A: There was a report that a -- one of the maintenance men at the Village of Haddonfield, has just been -- had a knife pulled on him by one of the residents.

Detective Sergeant Edward Katz, the officer who investigated the incident and also Compton's fiancé, testified as follows:

Q: Did you receive a call that day?

A: Yes, I did.

Q: About an incident in your town?

A: Yes.

Q: What was the nature of the call?

A: That one of the residents from the Village of Haddonfield Apartments had pulled a knife out on one of the maintenance men.

He also testified that he walked the area looking for a "potential discarded knife as it was reported to me."

"For a hearsay error to mandate reversal, '[t]he possibility [of an unjust verdict] must be real, one sufficient to raise a reasonable doubt as to whether the error led the jury to a result it otherwise might not have reached.'" State v. Deluca, 325 N.J. Super. 376, 394 (App. Div. 1999) (quoting State v. Bankston, 63 N.J. 263, 273 (1973)), aff'd as modified, 168 N.J. 626 (2001). We first note that defendant was tried before a judge rather than a jury, and we can presume that the judge was capable of hearing the proffered testimony without using it for an impermissible purpose. Judge Meloni's statement of findings further demonstrates that he did not use the above-quoted testimony to support his finding that defendant brandished a knife.

The trial court identified the determinative issue as credibility between the testimony of Lane and that of defendant. The court found that Lane "testified, I think, in somewhat of a matter of fact manner. He was clear and unambiguous in his response to the questions. His description of the knife was specific in size, appearance and type." The court found that Montesino's testimony, that defendant made a motion with his hand in which it appeared he was putting something into his pocket, was consistent with Lane's testimony. The court also noted that the testimony of the other three witnesses as to the course of events was consistent with when Lane alleged the incident occurred.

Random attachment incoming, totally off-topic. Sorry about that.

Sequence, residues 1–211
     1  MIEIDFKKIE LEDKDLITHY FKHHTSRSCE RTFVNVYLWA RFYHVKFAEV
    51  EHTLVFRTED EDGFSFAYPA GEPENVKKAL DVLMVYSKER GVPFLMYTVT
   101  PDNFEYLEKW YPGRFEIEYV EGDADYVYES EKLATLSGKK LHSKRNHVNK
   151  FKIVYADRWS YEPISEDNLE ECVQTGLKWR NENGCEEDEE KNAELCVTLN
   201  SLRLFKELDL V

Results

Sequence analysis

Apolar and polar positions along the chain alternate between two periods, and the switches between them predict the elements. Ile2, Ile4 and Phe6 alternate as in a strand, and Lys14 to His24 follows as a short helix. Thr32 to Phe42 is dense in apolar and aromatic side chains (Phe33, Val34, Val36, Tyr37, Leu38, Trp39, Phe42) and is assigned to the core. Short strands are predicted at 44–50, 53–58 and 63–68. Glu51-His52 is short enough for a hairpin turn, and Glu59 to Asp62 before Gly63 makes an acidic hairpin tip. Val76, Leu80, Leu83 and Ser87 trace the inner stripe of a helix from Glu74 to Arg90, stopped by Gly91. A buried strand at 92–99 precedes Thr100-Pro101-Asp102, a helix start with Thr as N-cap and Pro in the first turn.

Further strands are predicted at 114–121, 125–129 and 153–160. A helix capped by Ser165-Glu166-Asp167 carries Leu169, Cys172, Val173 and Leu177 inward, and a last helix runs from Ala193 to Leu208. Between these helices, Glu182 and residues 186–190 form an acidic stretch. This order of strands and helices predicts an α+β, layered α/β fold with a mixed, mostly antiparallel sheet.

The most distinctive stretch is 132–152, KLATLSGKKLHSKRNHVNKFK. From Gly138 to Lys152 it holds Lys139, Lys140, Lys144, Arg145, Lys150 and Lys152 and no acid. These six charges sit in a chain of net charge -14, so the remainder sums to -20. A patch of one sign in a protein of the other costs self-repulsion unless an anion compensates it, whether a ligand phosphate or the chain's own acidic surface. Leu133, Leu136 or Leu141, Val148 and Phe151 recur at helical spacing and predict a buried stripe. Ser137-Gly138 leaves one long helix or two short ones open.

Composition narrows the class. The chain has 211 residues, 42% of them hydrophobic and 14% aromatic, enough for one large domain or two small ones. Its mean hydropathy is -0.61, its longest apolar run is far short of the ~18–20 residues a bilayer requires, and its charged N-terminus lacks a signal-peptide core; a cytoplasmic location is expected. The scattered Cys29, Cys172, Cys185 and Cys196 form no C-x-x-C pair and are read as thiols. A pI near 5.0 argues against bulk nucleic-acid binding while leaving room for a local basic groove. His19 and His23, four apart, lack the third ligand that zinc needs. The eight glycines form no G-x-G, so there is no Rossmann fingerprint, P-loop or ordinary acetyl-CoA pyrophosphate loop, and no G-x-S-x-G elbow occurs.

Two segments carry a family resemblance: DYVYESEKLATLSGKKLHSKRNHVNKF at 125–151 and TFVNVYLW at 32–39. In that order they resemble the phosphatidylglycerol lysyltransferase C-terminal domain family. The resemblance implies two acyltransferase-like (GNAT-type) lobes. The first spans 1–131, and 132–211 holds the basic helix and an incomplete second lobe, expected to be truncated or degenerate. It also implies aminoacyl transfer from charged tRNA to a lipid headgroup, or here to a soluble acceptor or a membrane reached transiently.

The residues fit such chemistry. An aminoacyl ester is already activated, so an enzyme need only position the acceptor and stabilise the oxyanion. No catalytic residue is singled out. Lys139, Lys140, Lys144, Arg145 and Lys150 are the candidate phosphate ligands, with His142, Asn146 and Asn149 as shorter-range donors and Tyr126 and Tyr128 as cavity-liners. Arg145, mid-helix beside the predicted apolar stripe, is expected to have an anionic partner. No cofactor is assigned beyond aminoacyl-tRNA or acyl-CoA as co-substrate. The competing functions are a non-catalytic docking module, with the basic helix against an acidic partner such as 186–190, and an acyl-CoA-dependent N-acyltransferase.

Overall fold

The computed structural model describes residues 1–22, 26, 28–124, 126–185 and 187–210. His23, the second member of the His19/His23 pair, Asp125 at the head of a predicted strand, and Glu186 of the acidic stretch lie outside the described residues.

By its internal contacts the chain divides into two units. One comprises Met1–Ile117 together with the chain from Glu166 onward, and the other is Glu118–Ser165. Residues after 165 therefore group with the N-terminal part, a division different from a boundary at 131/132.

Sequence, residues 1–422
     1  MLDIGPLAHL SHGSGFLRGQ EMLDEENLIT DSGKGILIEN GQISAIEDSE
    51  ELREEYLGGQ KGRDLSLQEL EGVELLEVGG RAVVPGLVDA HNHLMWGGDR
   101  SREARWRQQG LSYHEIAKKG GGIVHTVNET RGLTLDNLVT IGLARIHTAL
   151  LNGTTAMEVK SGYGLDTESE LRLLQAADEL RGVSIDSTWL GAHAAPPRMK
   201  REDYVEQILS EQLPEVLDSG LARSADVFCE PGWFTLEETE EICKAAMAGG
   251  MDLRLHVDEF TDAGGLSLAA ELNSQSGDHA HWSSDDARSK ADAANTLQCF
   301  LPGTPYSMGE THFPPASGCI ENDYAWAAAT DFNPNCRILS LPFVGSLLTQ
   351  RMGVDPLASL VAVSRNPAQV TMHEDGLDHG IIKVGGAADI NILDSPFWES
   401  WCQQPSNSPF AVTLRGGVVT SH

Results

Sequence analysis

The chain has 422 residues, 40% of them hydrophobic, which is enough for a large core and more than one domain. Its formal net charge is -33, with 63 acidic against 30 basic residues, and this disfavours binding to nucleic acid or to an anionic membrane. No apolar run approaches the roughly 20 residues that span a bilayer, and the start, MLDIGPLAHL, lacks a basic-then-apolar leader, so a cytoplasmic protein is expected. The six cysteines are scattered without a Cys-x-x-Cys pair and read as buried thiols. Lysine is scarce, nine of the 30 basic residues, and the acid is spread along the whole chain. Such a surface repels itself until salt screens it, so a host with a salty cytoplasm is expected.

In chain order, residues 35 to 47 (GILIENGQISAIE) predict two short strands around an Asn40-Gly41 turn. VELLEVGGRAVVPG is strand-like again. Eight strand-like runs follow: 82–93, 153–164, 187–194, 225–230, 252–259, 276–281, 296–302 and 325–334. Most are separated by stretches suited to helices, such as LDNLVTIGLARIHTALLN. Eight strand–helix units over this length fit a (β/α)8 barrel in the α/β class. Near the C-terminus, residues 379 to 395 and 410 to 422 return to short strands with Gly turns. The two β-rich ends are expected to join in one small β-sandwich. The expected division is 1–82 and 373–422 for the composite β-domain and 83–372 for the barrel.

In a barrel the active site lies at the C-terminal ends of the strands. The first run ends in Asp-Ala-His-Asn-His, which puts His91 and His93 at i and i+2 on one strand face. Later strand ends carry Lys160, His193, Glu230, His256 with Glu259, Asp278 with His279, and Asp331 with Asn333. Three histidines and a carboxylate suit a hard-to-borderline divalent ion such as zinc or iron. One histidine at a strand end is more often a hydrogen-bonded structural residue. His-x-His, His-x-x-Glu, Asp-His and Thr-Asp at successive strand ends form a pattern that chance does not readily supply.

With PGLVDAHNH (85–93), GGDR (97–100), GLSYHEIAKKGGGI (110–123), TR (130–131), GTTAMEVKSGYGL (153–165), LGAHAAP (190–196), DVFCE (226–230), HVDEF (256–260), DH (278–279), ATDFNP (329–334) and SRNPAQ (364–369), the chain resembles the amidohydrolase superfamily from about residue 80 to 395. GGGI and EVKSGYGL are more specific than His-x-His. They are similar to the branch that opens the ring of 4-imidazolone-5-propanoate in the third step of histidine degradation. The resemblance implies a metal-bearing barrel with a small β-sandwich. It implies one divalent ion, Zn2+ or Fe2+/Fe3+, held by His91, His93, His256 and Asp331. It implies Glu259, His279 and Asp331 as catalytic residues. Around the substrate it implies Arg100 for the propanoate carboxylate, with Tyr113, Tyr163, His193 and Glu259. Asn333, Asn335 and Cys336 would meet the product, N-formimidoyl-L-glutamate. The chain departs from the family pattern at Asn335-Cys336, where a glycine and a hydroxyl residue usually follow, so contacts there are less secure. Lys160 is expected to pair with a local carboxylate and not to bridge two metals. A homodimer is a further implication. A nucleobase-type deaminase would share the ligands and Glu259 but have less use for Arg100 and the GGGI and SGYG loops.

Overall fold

Even if trial counsel could or should have raised hearsay objections, his failure to do so did not prejudice defendant. Because defendant's PCR petition did not satisfy the second part of the Strickland test, it did not establish a prima facie case of ineffective assistance of counsel requiring an evidentiary hearing or other relief.

Defendant also argues that counsel was ineffective at sentencing in failing to present certain mitigating factors to the court and failing to argue that aggravating factors were overvalued. We agree with Judge Snyder that defendant failed to show that counsel's performance was deficient or that defendant was prejudiced at the sentencing proceeding. As stated by Judge Snyder:

Not only did Judge Meloni find and apply, on his own initiative, mitigating factor 10, he found that the "mitigating factors do outweigh the aggravating factors." Despite petitioner's prior record, and the fact that there existed no presumption against incarceration, Judge Meloni sentenced Petitioner to three years non-custodial probation on each count, to run concurrently. Given that Petitioner was not sentenced to a custodial term, it is highly improbable that the outcome would have been different had sentencing counsel argued further mitigating factors or against overvaluation of applicable aggravating factors.

Defendant argues next that the PCR court failed to address the arguments defendant raised in his pro se brief, addressing only those arguments raised in counsel's letter-brief. Defendant argued in his pro se brief that his due process rights were violated because there was insufficient evidence to demonstrate that he brandished a knife and that counsel was ineffective for failing to object to hearsay testimony, failing to introduce exculpatory evidence of the State's failure to produce a weapon, failing to make a motion to acquit based on the State's failure to produce a weapon, and failing to argue that Lane testified falsely because no weapon was produced. He also argued that there was conflicting testimony about when the work was completed, and that defendant was not right-handed. Judge Snyder did not address these arguments in his December 11, 2008 written decision, but he had previously addressed them in his initial denial of PCR on October 11, 2007, stating that defendant's due process claim was an argument that could have been raised on direct appeal and that defendant's ineffective-assistance-of-counsel claim was unsupported by transcripts and documents and without merit. Defendant also argues in his pro se brief on appeal that counsel was ineffective in failing to argue self-defense but there was no evidence to support that defense.

The arguments raised in defendant's pro se briefs before us and in the trial court do not warrant more extensive discussion in a written opinion beyond what we have already stated. R. 2:11-3(e)(2). We add that this case rested on credibility and that credibility determinations are to be made by the factfinder. See Doe v. Arts, 360 N.J. Super. 492, 502-03 (App. Div. 2003). The State's inability to produce a weapon is not grounds for a judgment of acquittal, nor does it demonstrate insufficient evidence, since the State produced witness testimony that defendant brandished a knife. The trial court correctly denied defendant's petition for PCR.

Affirmed.